summer bugs

September 4, 2013


A while back I posted about how bugs, perhaps more than any other of Mother Nature’s creatures, demonstrate the creator’s deft hand at marrying form and function. (Not to mention her imagination!) This summer’s insect encounters (as well as my new camera lens) served to illustrate this point even further.

From the beautiful to the bizarre, the shear variety of these arthropods is stunning. Each unique specimen is honed by eons of evolution to meet the particular adaptive needs of its species. Some, as brilliant as flowers, shout “Notice me!” While others, cloaked in camouflage, live in stealth. Some paradoxical tricksters, which seem as cuddly as a teddy bear to us, flash warnings of toxic flesh to their avian predators. Hunters and the hunted, the same bug is often both, occupying a pivotal place in the chain of life. They are pests, destroyers, pollinators, and givers of life. They are fascinating.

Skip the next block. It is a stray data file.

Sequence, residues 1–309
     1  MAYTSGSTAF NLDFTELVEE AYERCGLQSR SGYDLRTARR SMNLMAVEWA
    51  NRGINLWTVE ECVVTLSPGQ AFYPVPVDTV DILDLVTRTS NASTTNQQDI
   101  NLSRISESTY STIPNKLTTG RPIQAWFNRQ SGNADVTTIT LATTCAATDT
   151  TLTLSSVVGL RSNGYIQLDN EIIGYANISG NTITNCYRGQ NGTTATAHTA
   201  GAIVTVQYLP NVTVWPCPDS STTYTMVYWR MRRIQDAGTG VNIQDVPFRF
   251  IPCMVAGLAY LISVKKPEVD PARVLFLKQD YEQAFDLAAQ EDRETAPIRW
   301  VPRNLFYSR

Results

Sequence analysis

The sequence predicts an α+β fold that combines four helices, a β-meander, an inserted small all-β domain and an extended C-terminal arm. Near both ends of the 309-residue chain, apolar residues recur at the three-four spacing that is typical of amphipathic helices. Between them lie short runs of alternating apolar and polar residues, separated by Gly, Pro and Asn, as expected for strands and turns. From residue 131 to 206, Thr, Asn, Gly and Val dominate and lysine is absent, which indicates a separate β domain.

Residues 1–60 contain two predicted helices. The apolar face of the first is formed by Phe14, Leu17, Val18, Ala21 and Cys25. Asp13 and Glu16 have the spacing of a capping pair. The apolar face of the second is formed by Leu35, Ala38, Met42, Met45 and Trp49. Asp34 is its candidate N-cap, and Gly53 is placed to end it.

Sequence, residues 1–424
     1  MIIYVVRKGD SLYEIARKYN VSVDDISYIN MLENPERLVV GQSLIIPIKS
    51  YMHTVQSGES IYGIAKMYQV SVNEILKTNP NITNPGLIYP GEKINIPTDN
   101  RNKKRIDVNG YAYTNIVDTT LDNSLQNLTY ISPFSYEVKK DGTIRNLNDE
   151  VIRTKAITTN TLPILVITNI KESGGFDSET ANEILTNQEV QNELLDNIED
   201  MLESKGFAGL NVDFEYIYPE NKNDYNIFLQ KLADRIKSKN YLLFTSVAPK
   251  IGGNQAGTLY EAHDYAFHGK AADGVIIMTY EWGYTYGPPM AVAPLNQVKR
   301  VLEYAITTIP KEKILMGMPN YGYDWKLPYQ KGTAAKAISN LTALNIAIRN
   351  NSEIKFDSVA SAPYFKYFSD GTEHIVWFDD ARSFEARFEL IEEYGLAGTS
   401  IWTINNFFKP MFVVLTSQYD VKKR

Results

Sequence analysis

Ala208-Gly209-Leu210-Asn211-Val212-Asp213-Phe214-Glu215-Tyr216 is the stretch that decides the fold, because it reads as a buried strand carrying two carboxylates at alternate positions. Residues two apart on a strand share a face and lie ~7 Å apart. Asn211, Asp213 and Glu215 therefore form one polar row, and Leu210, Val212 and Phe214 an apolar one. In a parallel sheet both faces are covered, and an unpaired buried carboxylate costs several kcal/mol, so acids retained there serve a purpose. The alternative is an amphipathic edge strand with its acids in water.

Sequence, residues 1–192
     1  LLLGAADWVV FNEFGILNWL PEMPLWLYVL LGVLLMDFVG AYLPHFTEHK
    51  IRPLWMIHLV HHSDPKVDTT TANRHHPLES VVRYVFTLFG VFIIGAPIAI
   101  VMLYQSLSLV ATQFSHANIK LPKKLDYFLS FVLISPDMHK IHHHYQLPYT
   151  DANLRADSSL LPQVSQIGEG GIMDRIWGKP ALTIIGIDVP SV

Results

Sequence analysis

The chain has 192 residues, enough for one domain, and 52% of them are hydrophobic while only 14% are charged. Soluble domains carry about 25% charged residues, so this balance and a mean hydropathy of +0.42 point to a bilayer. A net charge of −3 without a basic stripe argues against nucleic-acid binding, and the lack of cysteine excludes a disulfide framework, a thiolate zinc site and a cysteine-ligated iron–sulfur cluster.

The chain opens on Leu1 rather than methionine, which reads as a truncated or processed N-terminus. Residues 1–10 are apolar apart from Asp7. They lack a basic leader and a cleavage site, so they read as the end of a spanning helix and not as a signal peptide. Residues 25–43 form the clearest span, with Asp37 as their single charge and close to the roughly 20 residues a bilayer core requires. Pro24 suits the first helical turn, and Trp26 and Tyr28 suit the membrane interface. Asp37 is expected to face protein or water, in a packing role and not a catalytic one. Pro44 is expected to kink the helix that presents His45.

some kind of wooly moth caterpillar* on the island in Maine

black swallowtail chrysalis in elegant accommodations, a gift from my cousin’s girlfriend

After about 10 days of waiting the chrysalis turned brown, and then out came this lovely female.

Ephemeral pets: of course all these “friends” were quickly re-released into the wild.

* Although most caterpillars are harmless to humans, a few are poisonous and can cause itchy or painful skin irritations. Dskool reader Valerie, sent this helpful guide of caterpillars to avoid. Thanks!

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